Student protests target BOV

    p. Candles, armbands, pins, flyers, petitions, banners, signs, slogans, marches, speeches, megaphones, e-mail, Facebook, demands, town meetings, events, sit-ins and teach-ins.

    p. Gene Nichol’s resignation as president of the College has prompted protests throughout the student body. There is no real organization behind the protests. De facto student leaders of what has been called the “Solidarity Movement” have established themselves over the last two days, planning events in conjunction with members of the College faculty and staff.

    p. “This is what universities do,” Provost Geoffrey Feiss, as he visited student protestors in the Sunken Garden Thursday, said. “This is why we’re here. This is what it’s all about.”

    p. Within hours of Nichol’s e-mail announcing his resignation in the face of the Board of Visitors decision not to renew his contract, students and faculty crowded around the steps leading to the Sunken Garden to give speeches in protest.

    p. Facebook messages and e-mails announcing the avalanche of pro-Nichol events began to pile up in the students’ inboxes. Various groups consolidated into a highly vocalized, demonstrative organization led by students.

    p. “Facebook was the primary tool in getting this organized,” Devan Barber ’08, a leader of the demonstrations, said. “After [Nichol’s] e-mail on Tuesday, different groups began planning the sit-in and [the singing of the] Alma Mater.”

    p. Many of the students at the protests described the entire process as very grassroots and organic, with no formal leaders or campus organization undertaking the role of spearheading the effort.

    p. Tuesday night, a pro-Nichol candlelight vigil took place outside the president’s house. Hundreds of students, faculty, staff and alumni showed up, holding up candles and singing the Alma Mater after Nichol addressed the crowd.

    p. Wednesday, an all day sit-in was organized at the University Center, along with a crowded Town Hall meeting among the protestors in the UC Commonwealth auditorium. A petition, written by David Souleles ’08 and Alexander Danvers ’08, demanded BOV accountability. It circulated outside, acquiring signatures from anyone willing to sign.

    p. Thursday, a teach-in took place in the Sunken Garden to show support for the faculty who had canceled their classes on Wednesday and Thursday. This was followed by a solidarity march across campus to the entrance of Millington Hall, where faculty members held a meeting to discuss the events of the past few days.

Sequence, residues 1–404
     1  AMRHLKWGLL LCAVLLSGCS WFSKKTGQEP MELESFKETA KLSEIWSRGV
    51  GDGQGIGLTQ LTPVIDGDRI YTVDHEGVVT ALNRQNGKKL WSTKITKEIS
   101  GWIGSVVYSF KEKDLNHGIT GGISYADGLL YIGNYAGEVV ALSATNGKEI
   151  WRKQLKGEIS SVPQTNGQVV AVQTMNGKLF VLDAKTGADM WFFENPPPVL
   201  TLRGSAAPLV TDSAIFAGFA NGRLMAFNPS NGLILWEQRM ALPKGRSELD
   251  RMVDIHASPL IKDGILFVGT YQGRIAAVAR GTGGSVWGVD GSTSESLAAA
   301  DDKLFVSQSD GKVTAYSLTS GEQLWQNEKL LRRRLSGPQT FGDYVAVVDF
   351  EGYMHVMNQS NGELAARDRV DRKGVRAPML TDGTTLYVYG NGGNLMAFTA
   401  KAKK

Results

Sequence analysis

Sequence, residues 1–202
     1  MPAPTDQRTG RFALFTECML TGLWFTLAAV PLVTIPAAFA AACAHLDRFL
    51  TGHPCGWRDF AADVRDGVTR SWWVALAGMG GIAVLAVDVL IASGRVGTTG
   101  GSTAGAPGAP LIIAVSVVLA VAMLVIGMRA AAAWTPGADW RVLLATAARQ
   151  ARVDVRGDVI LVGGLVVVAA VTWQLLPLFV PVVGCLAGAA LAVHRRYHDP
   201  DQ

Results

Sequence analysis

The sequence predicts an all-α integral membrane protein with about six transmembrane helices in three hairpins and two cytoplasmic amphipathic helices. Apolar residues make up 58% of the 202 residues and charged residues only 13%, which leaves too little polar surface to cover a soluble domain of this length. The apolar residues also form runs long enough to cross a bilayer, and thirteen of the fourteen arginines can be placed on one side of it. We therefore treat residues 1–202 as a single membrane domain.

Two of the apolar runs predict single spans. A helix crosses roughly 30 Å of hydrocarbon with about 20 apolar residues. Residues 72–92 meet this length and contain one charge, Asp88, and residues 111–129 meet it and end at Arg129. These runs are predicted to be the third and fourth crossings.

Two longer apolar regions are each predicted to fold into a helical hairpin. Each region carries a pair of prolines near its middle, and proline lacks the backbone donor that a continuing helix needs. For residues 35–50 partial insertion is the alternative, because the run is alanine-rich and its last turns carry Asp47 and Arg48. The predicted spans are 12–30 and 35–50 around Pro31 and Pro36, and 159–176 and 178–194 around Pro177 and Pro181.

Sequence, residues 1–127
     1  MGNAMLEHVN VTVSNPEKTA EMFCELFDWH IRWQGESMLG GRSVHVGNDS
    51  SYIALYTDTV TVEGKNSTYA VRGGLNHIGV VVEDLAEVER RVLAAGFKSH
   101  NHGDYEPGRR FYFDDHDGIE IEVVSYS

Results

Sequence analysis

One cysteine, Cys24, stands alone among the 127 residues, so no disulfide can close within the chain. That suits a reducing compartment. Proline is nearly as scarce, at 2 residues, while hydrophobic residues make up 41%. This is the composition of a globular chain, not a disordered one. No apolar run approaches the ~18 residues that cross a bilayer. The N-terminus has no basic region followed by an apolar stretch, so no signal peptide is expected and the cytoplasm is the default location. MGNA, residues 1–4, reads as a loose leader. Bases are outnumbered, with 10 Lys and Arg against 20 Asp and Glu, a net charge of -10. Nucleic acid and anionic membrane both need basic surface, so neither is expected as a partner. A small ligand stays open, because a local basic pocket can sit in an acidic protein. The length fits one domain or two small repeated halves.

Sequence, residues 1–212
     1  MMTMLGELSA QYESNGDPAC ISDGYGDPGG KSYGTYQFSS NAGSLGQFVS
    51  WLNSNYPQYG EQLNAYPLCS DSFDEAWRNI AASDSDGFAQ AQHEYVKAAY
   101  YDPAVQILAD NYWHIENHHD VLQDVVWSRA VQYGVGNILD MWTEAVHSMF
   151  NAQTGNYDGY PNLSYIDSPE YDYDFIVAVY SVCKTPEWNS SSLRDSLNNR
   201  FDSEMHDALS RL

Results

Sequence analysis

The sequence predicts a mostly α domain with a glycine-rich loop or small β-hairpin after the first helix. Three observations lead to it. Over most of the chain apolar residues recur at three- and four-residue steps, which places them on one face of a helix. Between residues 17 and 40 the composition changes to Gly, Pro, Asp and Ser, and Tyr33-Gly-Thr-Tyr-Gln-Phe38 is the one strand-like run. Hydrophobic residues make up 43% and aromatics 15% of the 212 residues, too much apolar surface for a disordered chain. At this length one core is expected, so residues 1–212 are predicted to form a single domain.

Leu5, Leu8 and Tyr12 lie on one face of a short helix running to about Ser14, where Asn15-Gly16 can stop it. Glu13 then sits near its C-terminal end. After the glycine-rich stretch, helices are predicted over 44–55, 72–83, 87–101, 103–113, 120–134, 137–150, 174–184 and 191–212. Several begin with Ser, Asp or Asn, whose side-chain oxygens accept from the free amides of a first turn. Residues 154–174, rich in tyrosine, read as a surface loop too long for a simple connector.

p. As the march passed campus buildings, representatives of the protestors entered atriums and classrooms, reading the list of demands compiled by students and faculty over the past two days, urged students to sign a petition demanding transparency from the BOV and handed out flyers.

    p. Former student Sean Sheppard and Josh Wayland ’08 stood outside a classroom in McGlothlin-Street Hall, unsure whether or not to interrupt the class with their announcements.

    p. “I don’t know if anyone knew what to expect [regarding the BOV’s decision],” Wayland said, “I think the reaction has reflected that.”

    p. According to Sheppard, Nichol’s resignation provided a catalyst for students to express discontent concerning the hierarchal power structure that governs the college. Although a number of individual student groups have participated in the protests over the past two days, the common purpose has allowed them to coalesce.

    p. Barber and Annie Brown ’10 are hoping that the coalescence of the various people involved with the initial backlash to the BOV’s decision will lend itself to the establishment of a long-term strategy, ultimately giving faculty, staff and students a stronger voice in choosing the next president.

    p. “The goal of [Wednesday] was to figure out what we wanted to do,” Brown said. “Now we’re trying to get our message out there, get more people and take it to the BOV.”

    p. Brown led Thursday’s march through campus, moving from building to building in an attempt to attract more students. Barber described it as a “study break for activism.”

    p. “Whose campus? Our campus.” the students chanted as they marched. “No justice. No peace.”

    p. Approximately 75 students completed the march to the steps of Millington Hall to accompany and cheer on faculty as they entered the building for their meeting.


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